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Re: [Distillers] Re: (Semi-OT) Harvesting CO2

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  • Trid
    ... Fortunately, oodles is relative :) I m just relating to the number of bubbles observed times volume times time divided by the square root of fidgety plus
    Message 1 of 46 , Aug 29, 2006
      --- Harry <gnikomson2000@...> wrote:
      > Hi Trid,
      > I like your train of thought, but you aren't really making 'oodles'
      > of CO2.

      Fortunately, "oodles" is relative :)
      I'm just relating to the number of bubbles observed times volume times time
      divided by the square root of fidgety plus parts on hand divded by motivation.

      > Yeast has two enzymes that convert the saccharides to
      > ethanol. Invertase converts dissacharides (such as sucrose) to
      > monosaccharides by a catalytic hydrolysis (addition of water)
      > reaction. Glucose and fructose are then converted to ethanol and
      > carbon dioxide by the enzyme zymase.
      >
      > One mole of sucrose will produce four moles of ethanol and four
      > moles of carbon dioxide.

      True, but there's a significant difference in volume of said moles.

      > It's not that much, and the equipment and energy input necessary to
      > harvest and purify it just ain't worth the trouble in a home
      > hobbyist environment (how much energy/money to fire up that
      > compressor?).

      It's a tiny compressor...I used it originally for airbrushing but 35psi didn't
      quite cut it. A friend gave me his franken-compressor (long story) and I
      didn't need thissun any longer. However, the 1/4" NPT threads on the inlet
      haunted me with "I can do something with that one day..."

      > Commercial operations do thousands of gallons per
      > day. That's a horse of a different colour. Hobbyists can get CO2
      > as dry ice at a fraction of the cost of recovering their own gases.

      ...but that would be too easy.

      > DIY is a noble thing, but one must be practical.

      Shall we compare the financial outlay on our home rigs to the cost of a bottle
      of McCallan? I think we've abandoned practical a while back :) How many of
      our home projects have started with "I wonder if I can..."?

      > Slainte!
      > regards Harry

      And cheers to you too :)
      Thanks for the input!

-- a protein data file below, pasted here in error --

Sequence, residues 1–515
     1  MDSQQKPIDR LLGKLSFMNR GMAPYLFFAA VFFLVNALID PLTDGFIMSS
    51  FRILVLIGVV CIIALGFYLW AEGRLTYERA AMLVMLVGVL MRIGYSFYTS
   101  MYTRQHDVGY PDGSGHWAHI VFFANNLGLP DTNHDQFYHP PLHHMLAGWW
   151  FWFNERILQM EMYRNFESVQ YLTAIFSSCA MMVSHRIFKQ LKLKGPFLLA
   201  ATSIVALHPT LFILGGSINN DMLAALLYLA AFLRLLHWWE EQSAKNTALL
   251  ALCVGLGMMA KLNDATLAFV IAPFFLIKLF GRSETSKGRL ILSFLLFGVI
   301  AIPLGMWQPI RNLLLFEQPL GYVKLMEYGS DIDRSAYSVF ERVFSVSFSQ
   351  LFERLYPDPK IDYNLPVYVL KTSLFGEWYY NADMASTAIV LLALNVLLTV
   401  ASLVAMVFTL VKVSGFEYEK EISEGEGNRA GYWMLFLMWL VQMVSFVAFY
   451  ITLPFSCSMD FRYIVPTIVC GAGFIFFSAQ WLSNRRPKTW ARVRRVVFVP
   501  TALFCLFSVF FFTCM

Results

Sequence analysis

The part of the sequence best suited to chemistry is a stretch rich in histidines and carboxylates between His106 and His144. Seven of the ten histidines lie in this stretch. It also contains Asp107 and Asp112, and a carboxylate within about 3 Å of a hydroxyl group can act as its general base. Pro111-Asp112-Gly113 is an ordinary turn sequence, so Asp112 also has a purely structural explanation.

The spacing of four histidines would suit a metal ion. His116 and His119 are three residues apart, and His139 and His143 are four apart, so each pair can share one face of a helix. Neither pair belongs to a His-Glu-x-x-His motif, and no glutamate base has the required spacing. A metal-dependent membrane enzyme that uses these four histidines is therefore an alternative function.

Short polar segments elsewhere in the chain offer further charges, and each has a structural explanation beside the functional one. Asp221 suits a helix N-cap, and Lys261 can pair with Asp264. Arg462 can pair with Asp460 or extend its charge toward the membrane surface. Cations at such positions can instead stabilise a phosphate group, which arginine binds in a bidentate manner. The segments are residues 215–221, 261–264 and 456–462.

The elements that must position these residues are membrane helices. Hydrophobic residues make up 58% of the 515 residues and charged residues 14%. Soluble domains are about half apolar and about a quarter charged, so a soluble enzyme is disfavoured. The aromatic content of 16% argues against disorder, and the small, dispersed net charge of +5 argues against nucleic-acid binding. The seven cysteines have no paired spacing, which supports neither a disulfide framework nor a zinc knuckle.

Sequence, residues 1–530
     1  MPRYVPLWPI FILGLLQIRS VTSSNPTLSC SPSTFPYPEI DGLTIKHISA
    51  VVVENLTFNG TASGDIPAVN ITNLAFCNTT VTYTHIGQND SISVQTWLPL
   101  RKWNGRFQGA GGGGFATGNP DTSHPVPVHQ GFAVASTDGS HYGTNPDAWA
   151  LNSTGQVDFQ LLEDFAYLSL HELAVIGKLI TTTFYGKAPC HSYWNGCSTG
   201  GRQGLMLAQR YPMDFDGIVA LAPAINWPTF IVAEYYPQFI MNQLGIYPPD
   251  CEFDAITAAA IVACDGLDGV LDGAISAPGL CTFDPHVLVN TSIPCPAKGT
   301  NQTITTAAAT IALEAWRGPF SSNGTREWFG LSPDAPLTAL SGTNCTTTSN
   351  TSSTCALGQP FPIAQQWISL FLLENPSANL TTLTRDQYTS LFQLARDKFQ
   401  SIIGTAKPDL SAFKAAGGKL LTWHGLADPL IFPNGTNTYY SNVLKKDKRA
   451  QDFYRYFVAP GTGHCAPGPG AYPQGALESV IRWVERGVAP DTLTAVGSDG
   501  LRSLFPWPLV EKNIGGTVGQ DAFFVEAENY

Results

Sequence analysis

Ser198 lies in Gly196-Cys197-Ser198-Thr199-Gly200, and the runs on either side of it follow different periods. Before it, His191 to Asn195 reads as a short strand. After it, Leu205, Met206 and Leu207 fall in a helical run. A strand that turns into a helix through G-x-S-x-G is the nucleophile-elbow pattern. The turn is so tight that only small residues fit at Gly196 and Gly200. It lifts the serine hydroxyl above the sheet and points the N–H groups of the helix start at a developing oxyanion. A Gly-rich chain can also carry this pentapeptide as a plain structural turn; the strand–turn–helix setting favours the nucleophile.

Trid
    • Trid
      ... Fortunately, oodles is relative :) I m just relating to the number of bubbles observed times volume times time divided by the square root of fidgety plus
      Message 46 of 46 , Aug 29, 2006
        --- Harry <gnikomson2000@...> wrote:
        > Hi Trid,
        > I like your train of thought, but you aren't really making 'oodles'
        > of CO2.

        Fortunately, "oodles" is relative :)
        I'm just relating to the number of bubbles observed times volume times time
        divided by the square root of fidgety plus parts on hand divded by motivation.

        > Yeast has two enzymes that convert the saccharides to
        > ethanol. Invertase converts dissacharides (such as sucrose) to
        > monosaccharides by a catalytic hydrolysis (addition of water)
        > reaction. Glucose and fructose are then converted to ethanol and
        > carbon dioxide by the enzyme zymase.
        >
        > One mole of sucrose will produce four moles of ethanol and four
        > moles of carbon dioxide.

        True, but there's a significant difference in volume of said moles.

        > It's not that much, and the equipment and energy input necessary to
        > harvest and purify it just ain't worth the trouble in a home
        > hobbyist environment (how much energy/money to fire up that
        > compressor?).

        It's a tiny compressor...I used it originally for airbrushing but 35psi didn't
        quite cut it. A friend gave me his franken-compressor (long story) and I
        didn't need thissun any longer. However, the 1/4" NPT threads on the inlet
        haunted me with "I can do something with that one day..."

        > Commercial operations do thousands of gallons per
        > day. That's a horse of a different colour. Hobbyists can get CO2
        > as dry ice at a fraction of the cost of recovering their own gases.

        ...but that would be too easy.

        > DIY is a noble thing, but one must be practical.

        Shall we compare the financial outlay on our home rigs to the cost of a bottle
        of McCallan? I think we've abandoned practical a while back :) How many of
        our home projects have started with "I wonder if I can..."?

        > Slainte!
        > regards Harry

        And cheers to you too :)
        Thanks for the input!
        Trid
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